Lately, preparing my kids for the home schooling day has included preparing them for evangelizing their faith
by reminding them what good Catholic company they’ve been in for centuries.
I’ve been reading to them at the breakfast table from The American Catholic Almanac by Brian Burch and Emily Stimpson.
Few people these days would likely acknowledge that the Catholic Church is responsible for the evangelization of nearly the entire world.
Sadly, more people recognize anti-Catholicism as one of the last acceptable prejudices.
Maybe its time to learn our story and embrace our spiritual heritage.
Maybe it’s time to encourage each other to live our faith richly.
I think the authors of The American Catholic Almanac, Brian Burch and Emily Stimpson had this in mind.
Catholic hearts, filled with love for Jesus Christ, have been involved in serving others in all aspects of life including the spread of modern medicine, education, the
preservation of Holy Scripture, and the promotion of human rights.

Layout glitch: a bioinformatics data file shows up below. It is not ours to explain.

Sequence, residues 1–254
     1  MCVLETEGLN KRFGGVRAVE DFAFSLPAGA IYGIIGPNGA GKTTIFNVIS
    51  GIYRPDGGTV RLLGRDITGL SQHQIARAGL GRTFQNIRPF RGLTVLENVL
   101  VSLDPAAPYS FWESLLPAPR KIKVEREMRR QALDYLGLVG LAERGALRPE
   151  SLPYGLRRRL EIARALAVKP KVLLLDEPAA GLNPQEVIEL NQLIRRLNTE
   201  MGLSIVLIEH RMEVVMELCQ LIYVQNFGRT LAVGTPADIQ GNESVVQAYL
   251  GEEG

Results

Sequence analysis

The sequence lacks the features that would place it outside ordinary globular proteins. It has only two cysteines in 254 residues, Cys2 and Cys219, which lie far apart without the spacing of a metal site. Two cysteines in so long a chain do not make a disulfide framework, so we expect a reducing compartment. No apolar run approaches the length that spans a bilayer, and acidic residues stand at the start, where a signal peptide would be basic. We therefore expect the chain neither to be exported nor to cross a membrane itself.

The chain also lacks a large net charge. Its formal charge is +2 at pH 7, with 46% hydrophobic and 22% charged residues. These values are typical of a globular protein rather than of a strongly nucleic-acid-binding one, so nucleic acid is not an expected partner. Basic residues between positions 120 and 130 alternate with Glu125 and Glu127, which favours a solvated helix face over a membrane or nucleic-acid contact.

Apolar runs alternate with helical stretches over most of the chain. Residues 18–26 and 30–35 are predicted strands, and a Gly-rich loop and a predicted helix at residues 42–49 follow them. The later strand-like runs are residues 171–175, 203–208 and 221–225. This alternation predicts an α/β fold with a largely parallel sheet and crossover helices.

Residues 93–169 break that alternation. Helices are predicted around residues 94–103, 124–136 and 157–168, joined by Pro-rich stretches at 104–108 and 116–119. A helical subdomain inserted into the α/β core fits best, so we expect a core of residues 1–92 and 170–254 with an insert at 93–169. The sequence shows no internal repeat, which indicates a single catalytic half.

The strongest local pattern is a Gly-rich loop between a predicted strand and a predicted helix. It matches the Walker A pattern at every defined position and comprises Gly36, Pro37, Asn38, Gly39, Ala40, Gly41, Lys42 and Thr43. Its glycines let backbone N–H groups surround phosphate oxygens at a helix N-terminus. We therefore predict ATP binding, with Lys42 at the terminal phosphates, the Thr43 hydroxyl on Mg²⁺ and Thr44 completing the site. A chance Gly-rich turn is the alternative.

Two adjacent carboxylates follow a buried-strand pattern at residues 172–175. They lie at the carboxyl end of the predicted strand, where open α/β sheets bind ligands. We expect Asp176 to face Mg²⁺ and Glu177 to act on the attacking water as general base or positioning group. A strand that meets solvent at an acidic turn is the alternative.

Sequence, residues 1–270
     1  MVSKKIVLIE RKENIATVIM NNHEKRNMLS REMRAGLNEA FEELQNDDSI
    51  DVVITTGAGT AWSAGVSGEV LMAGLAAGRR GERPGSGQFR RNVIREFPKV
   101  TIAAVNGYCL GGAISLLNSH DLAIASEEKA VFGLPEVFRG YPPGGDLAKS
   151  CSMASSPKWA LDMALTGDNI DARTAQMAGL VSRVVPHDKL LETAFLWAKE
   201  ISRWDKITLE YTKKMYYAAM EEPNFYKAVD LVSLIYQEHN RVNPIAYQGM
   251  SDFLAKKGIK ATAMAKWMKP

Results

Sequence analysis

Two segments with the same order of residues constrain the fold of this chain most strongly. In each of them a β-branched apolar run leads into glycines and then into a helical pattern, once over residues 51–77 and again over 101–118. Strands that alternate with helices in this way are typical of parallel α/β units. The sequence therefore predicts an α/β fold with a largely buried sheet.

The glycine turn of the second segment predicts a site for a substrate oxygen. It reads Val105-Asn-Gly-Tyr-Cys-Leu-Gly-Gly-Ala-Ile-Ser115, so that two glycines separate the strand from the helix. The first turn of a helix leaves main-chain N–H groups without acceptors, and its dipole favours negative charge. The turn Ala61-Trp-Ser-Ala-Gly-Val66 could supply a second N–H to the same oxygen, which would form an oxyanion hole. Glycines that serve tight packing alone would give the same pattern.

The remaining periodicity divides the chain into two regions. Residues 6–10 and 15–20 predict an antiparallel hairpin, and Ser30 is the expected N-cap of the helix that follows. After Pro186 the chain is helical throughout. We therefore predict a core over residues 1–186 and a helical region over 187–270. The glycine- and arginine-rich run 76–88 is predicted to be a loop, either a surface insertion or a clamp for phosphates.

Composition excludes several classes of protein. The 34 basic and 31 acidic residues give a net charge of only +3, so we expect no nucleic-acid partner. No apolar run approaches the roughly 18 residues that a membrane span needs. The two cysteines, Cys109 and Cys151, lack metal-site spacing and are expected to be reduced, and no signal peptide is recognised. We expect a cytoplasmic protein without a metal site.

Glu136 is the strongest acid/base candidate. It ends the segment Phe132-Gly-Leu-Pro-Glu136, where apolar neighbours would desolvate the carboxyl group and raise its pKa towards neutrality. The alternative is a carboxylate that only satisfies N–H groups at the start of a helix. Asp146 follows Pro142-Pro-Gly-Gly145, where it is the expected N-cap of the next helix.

The American Catholic Almanac is filled with stories of Catholics throughout history who courageously held to their beliefs and formed our country.
Each day tells a little known tale from that particular date, that with some reflection can be applied to our present time.
April 10th, for example reminds us of a conversation being had between the Duke of Norfolk and St Thomas More in the movie A Man For All Seasons.
“Norfolk: Oh confound all this. I’m not a scholar.
I don’t know whether the marriage was lawful or not but dammit, Thomas, look at these names!
Why can’t you do as I did and come with us,
More craftily replies: And when we die,
and you are sent to heaven for doing your conscience
and I am sent to hell for not doing mine,
will you come with me,
What wonderful discussion ensued with my teens as we considered the way the world pressures us to betray our consciences,
so we can feel the fellowship of others.
Our faith and the real love that springs from it is not about feeling good and “fitting in”.
Hanging on a cross did not feel good. A criminal’s death was the antithesis of “fitting in”.
The American Catholic Almanac tales remind us to ask for the mind and heart of a martyr
and allow our fiery love for Jesus Christ to motivate all we do.
So thank you Brian and Emily,
for sharing your research on our great forefathers in faith.
I envision a whole new volume of saint books on the shelves of future Catholic home schoolers springing from the short stories told The American Catholic Almanac.
And we’ll be reminded that our narrative of Catholic heroes
can be celebrated by our children.